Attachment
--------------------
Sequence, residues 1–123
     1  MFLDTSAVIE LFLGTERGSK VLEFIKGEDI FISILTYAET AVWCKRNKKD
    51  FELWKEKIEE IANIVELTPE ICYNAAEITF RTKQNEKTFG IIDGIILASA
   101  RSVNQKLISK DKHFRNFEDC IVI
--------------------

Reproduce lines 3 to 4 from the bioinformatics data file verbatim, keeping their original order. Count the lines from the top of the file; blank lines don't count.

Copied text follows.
    51  FELWKEKIEE IANIVELTPE ICYNAAEITF RTKQNEKTFG IIDGIILASA
   101  RSVNQKLISK DKHFRNFEDC IVI